Flying the Nest: 8 Self-Sufficiency Skills Every Parent Should Consider Teaching

teenby Melissa Deuter, M.D.

What do you need to do to prepare your child for adulthood?

To develop new skills, children need to learn through experience. Give your child room to take on responsibilities and make mistakes while he still lives at home. Provide abundant opportunities for supervised practice. Your family is the best judge of when your teenager is ready to leave the nest. Base your support and expectations on your child’s abilities, level of emotional security, and personal history.

Skills every parent can teach:

1. Academic/Work Skills:

Most parents have been focused on academic and work skills throughout childhood. Learning how to be a productive student or employee begins with learning basic responsibility. When children know how to be punctual, stay on task, and pay attention to details they are better equipped for school and career. Volunteering or working part time while living with parents can build these skills further.

2. Domestic/Maintenance skills:

The necessary household skills teens need to build before moving out include:

  • Basic cooking
  • Auto maintenance—like learning when the car should be serviced and how to change a tire
  • Laundry
  • Cleaning skills for a dorm room or apartment,
  • Handling small household emergencies like a clogged toilet

3. Financial skills:

Before leaving home, kids and teens need practice budgeting, managing money, balancing a checkbook, saving for emergencies, maintaining bank accounts, and paying bills.

4. Self-care skills:

Your child should be equipped to ask for help, say no, and be assertive. During the teenage years, your child needs to learn to be in a quiet place to re-group, talk or write about difficult problems, and/or plug into a faith community for support.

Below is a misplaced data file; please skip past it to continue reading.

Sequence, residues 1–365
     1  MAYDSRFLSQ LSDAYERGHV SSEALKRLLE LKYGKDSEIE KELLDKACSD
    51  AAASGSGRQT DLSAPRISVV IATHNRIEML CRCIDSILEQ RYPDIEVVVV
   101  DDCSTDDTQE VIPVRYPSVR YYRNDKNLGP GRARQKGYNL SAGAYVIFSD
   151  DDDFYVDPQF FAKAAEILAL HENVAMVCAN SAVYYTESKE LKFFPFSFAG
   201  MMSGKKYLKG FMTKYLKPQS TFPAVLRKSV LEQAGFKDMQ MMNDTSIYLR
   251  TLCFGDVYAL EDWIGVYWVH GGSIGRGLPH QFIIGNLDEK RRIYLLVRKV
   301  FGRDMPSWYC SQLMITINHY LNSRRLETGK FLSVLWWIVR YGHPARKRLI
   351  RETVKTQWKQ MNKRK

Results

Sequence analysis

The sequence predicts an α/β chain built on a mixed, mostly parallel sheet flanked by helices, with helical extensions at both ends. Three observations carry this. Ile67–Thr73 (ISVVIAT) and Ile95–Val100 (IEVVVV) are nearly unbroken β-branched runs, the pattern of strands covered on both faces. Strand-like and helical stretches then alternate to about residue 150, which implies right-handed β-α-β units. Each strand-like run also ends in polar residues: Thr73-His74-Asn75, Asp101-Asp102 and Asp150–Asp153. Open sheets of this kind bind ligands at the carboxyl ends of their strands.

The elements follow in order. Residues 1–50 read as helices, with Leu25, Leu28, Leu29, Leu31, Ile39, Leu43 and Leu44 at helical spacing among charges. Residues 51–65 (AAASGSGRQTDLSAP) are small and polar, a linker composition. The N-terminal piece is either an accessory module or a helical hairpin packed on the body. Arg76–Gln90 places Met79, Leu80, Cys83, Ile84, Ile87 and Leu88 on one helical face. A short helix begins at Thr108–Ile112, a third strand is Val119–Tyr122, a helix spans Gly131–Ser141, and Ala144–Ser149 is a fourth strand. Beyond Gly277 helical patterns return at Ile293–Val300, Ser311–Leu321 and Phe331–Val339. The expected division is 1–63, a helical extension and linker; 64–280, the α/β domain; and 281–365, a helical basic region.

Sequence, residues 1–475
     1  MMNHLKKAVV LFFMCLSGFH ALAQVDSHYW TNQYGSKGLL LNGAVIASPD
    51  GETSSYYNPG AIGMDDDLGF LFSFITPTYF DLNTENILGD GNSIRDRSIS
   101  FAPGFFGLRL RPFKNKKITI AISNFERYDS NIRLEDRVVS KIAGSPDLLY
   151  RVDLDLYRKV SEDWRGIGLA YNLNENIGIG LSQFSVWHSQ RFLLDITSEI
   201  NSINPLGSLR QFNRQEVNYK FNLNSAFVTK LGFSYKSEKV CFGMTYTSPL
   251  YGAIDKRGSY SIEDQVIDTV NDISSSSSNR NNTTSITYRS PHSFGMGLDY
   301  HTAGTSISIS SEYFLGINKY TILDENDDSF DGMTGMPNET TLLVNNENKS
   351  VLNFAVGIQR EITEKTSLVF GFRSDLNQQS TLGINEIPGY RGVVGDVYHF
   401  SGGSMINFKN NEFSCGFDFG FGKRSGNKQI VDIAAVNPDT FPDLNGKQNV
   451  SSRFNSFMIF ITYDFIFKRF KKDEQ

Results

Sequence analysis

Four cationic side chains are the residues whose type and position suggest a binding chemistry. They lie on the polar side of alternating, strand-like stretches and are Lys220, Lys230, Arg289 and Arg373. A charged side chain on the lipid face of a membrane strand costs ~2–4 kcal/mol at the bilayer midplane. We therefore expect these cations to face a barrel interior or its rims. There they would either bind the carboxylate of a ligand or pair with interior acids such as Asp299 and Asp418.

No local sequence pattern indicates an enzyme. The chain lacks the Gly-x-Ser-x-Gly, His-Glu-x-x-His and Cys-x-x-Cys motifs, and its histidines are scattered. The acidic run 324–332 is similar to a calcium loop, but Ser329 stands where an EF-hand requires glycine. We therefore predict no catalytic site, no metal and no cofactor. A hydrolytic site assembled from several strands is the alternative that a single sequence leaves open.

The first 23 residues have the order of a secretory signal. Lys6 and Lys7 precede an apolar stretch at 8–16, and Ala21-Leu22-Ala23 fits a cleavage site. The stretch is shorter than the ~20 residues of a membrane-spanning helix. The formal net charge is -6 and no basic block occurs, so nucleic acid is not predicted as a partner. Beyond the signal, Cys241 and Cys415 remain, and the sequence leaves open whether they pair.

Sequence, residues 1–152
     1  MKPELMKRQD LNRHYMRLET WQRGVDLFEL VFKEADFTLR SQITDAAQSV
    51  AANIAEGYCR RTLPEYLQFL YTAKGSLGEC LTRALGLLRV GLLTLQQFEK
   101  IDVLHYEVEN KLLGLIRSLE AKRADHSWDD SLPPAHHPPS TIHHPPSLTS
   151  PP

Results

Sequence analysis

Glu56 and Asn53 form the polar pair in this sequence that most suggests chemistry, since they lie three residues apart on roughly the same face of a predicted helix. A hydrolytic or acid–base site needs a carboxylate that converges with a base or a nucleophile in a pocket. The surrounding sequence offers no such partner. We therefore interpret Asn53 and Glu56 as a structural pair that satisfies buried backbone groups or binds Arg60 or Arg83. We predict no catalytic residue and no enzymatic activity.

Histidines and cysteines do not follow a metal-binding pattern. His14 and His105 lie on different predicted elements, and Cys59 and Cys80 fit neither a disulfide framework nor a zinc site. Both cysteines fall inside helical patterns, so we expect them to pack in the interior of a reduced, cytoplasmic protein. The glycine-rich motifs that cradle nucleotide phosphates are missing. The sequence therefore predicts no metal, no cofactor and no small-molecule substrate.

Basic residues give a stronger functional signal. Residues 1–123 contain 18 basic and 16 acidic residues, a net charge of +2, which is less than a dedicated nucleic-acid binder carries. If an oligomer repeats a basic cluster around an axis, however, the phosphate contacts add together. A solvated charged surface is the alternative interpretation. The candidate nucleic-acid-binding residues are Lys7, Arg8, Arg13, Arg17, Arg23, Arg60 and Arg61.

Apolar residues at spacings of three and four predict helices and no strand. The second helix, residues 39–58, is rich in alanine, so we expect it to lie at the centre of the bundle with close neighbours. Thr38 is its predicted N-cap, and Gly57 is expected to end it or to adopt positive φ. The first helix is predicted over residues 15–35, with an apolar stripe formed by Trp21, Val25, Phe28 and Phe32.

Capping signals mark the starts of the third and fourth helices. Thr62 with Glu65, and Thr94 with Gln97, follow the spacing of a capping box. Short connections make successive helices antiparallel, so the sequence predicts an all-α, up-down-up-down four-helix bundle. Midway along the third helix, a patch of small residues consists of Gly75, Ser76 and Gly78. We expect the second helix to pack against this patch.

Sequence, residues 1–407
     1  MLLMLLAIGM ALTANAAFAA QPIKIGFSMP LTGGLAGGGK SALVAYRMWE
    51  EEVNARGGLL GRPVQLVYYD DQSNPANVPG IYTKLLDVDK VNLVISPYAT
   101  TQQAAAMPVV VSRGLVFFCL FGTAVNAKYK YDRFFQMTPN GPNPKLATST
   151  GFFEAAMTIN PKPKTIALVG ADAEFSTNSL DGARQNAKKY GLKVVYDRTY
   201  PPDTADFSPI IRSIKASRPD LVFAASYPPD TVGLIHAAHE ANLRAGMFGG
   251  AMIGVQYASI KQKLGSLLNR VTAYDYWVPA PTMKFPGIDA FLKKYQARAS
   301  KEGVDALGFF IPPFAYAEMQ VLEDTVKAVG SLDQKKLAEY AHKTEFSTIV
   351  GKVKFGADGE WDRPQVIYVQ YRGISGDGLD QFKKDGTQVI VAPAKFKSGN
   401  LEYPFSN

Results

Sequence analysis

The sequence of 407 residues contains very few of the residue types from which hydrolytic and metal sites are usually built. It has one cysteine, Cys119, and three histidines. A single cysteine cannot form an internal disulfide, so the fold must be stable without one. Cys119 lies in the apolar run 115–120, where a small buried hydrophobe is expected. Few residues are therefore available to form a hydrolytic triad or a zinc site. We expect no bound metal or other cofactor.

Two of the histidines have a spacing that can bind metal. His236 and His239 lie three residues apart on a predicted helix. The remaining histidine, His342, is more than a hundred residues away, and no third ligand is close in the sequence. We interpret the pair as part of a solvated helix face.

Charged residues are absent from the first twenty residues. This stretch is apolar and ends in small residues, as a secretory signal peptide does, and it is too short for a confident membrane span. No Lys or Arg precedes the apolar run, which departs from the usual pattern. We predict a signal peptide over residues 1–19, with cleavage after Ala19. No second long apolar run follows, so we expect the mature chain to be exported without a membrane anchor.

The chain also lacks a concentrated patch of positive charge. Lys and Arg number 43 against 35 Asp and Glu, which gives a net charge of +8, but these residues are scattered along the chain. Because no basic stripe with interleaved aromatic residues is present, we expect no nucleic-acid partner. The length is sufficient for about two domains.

5. Medical care skills:

Every adult needs to have healthcare knowledge to be capable of giving a medical history, filling a prescription at a pharmacy, or knowing how to self-diagnose simple illnesses, use a thermometer, and take over-the-counter medications.

6. Emotional/Psychological Skills:

Every child needs to develop the ability to identify emotions, self soothe, exhibit self-control of inner emotional states, wait patiently, solve problems, delay gratification, tolerate uncomfortable feelings, and maintain control of behavior.

Pre-teens and teens with well-developed emotional and psychological skills know how to walk away from a fight and how to exit an out-of-control social situation (such as friends using drugs).

7. Friendship/Interpersonal Relationship Skills:

Good social skills and manners go a long way. Teens should know how to carry on a conversation with a person of any age. They should be good judges of character. They should learn to speak up, stand up for a friend, keep a secret (and when to refuse to keep a secret), ignore bad behavior, and to confront someone who is out of line. Likewise they need to learn to really listen, admit fault and apologize, talk out a conflict with a friend (or roommate), say I love you, and hug.

8. Romantic/Intimate Relationship Skills:

Teen dating can help kids learn to distinguish between love and infatuation. They can learn to ask someone to dance, navigate romantic feelings, and eventually to break up with a boyfriend or girlfriend. They can also learn to cope with rejection, say no, and control the urge to advance physical relationships too quickly.

Dr. Melissa Deuter is a psychiatrist in San Antonio, Texas, who specializes in the care of emerging adults. Visit www.MelissaDeuter.com or follow her on Twitter @MStenDeut.

Image: Vancouver Public Library

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